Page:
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Mar 29, 2005

Burning garbage dump irritates city

Story PictureIt’s not the first time it’s happened and–official pronouncements aside–will probably not be the last. I’m talking about the burning Belize City garbage dump. Over the weekend a change in wind direction sent the thick acrid smoke directly into the heart of the old capital. This morning I visited the area and met with some politicians trying to deal with the situation.

Patrick Jones, Reporting
It looks bad from the air…and smells even worse on the ground. But for the last four days, residents of Belize City have been enduring a haze of smoke from the municipal garbage site at mile three on the Western Highway. The ten acre compound erupted in flames, presumably through spontaneous combustion, on Saturday evening. By Sunday afternoon, thick smoke bellowed into the air from the burning debris, at one point greatly reducing midday visibility at the City?s western entrance. Belize City Mayor David Fonseca says authorities are doing all they can to try and ease the suffering of residents.

David Fonseca, Belize City Mayor
?Since the fire started we have the fire department up her working basically nearly close to twenty-four hours on the site. As you know its garbage so it?s burning not only on the top, but it?s burning more on the bottom. So it?s difficult for them to do it on their own. We have now moved in since yesterday afternoon an excavator that is trenching the garbage, turning it over and thereby getting to the fire on the bottom. But in addition to that, what we are doing is working along with government through the solid waste management authority to try to get the implementation of the national solid waste plan to be implemented at mile twenty-two.?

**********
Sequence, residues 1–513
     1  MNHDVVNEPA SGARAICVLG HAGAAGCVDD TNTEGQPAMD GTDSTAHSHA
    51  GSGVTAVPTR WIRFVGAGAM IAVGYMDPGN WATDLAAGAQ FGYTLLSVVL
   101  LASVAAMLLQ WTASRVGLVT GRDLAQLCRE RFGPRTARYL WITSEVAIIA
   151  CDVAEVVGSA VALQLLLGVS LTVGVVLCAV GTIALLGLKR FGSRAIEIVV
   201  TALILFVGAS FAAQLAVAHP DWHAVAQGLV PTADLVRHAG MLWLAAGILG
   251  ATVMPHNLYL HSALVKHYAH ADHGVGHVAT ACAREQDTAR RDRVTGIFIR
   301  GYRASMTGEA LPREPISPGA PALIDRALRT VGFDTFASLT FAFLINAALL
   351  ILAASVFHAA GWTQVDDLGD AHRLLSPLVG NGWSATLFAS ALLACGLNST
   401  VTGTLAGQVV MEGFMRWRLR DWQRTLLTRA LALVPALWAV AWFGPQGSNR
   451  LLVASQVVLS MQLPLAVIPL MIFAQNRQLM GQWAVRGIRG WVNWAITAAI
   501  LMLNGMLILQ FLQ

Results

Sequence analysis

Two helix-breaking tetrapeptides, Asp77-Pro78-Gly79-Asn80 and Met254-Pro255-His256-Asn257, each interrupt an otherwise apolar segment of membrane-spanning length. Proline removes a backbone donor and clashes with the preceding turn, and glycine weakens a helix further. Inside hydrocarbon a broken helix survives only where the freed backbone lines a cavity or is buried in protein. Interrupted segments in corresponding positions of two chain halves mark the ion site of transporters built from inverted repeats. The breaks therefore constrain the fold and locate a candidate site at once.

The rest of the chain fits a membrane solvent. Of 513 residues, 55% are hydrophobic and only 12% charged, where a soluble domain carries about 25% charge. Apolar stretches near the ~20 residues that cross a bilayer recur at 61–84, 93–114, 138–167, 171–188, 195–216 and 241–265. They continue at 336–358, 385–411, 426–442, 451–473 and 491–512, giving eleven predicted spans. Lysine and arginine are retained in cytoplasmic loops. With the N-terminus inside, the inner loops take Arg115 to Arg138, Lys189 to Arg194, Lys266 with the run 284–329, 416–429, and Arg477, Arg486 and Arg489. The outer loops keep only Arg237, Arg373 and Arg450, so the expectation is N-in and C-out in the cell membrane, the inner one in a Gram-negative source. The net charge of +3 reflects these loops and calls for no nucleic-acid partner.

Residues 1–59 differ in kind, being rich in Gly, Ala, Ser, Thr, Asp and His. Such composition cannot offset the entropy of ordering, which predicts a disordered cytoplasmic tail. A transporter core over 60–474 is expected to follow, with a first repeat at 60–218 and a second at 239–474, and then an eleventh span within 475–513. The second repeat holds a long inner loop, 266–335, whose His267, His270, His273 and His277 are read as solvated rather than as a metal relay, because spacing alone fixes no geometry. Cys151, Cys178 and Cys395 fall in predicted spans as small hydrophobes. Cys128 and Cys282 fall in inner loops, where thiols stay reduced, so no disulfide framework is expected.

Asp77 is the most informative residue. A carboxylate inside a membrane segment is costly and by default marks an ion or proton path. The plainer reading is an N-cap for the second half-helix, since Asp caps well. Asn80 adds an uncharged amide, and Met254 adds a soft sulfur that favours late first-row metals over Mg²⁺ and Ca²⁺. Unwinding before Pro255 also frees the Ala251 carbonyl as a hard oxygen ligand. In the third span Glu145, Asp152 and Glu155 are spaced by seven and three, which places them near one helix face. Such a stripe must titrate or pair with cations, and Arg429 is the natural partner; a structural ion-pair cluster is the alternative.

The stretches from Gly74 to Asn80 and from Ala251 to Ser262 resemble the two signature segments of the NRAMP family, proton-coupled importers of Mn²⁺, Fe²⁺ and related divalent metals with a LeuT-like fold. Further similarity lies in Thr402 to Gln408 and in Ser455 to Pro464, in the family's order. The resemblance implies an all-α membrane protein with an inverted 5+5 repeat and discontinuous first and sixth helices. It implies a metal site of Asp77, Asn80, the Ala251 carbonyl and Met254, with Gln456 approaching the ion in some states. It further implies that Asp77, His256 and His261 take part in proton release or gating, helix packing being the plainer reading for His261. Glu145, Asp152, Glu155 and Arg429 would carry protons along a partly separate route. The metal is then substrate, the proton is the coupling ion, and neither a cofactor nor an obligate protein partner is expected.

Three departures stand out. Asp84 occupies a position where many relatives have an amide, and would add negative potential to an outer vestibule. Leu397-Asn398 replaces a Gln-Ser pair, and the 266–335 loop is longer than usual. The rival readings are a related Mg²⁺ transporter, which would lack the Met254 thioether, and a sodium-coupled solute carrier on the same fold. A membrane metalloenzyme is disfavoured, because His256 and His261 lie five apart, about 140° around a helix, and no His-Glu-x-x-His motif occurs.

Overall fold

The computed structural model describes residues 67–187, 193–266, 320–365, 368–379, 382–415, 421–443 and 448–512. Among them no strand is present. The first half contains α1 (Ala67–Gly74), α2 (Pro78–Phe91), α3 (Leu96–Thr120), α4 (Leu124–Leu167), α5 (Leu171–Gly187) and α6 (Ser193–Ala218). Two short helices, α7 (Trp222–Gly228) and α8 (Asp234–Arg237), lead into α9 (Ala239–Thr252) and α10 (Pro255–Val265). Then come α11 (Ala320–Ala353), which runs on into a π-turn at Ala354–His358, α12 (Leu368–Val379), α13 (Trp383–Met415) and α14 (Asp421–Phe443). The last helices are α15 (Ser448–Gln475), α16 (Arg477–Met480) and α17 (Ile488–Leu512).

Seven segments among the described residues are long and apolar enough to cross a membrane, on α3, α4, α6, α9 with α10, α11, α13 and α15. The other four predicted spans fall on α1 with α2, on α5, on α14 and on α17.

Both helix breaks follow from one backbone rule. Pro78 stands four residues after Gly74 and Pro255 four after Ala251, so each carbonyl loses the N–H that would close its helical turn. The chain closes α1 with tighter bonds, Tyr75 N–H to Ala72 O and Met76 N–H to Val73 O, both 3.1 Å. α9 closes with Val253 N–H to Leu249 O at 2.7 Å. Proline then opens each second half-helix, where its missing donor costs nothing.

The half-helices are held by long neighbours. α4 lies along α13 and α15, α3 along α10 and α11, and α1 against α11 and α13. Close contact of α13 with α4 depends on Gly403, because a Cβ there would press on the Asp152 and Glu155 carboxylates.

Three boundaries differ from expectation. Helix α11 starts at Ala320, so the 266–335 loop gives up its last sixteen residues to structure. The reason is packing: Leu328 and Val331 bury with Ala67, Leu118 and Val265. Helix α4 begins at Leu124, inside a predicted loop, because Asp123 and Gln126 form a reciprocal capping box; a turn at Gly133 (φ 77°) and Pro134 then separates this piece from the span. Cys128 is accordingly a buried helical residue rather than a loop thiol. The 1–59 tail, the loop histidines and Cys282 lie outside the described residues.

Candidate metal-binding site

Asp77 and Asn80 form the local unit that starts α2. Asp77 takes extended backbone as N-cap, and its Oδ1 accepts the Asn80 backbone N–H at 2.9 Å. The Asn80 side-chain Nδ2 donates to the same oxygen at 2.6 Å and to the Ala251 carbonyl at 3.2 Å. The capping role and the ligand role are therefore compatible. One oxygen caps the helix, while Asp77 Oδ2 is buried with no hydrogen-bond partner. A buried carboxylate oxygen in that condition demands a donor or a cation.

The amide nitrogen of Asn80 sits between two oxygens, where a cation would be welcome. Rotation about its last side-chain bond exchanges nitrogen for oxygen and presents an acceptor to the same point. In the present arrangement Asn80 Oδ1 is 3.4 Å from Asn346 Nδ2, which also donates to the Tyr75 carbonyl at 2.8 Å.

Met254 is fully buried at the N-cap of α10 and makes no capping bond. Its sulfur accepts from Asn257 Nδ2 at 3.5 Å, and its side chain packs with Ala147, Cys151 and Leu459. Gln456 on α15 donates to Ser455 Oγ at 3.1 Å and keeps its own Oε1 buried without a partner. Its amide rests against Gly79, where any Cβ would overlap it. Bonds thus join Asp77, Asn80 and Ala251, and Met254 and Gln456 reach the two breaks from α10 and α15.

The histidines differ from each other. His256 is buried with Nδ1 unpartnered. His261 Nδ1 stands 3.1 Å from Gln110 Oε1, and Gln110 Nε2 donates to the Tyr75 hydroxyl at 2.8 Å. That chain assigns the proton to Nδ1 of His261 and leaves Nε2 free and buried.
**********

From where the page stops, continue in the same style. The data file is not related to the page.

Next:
Patrick Jones
?That plan was approved about seven years ago; but Minister of Home Affairs Ralph Fonseca says the fight with environmentalists about moving the garbage dump from here to mile twenty-three on the Western Highway has delayed the whole move by about three to four years.?

Ralph Fonseca, Minister of Home Affairs
?It was under attack by the environmentalists for three to four years. And in fact the IDB study was almost postponed because of that attack that had to be dealt with first. And then we got back on track. So now the waste management authority has finally gotten acceptance for mile twenty-three. First it was at mile twenty-seven I think, and they are now putting out to tender for the private sector to get involved. But we lost about to three to four years.?

Patrick Jones
?So basically how soon should we see a move to mile twenty-three?

Ralph Fonseca
?I would think, well they are going to start to move garbage as soon as we have this thing under control, to mile twenty-three. But the actual plan it self, you will have to check with the Mayor; he is the chairman of the authority. I think they have the tender document ready to go out now. So I would say within six months you will see the actual facility being put in place.?